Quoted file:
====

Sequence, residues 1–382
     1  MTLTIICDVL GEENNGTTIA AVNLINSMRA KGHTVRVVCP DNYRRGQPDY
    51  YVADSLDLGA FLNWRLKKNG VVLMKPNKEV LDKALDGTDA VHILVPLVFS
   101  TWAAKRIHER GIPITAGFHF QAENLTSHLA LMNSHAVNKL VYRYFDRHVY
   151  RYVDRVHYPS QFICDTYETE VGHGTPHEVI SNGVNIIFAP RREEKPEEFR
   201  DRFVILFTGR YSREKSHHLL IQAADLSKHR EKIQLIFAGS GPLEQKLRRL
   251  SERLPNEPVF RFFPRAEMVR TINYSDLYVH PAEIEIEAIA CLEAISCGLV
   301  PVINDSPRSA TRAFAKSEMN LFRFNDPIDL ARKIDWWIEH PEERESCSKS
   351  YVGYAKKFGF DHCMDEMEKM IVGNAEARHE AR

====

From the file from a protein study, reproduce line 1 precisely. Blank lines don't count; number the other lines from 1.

Sequence, residues 1–382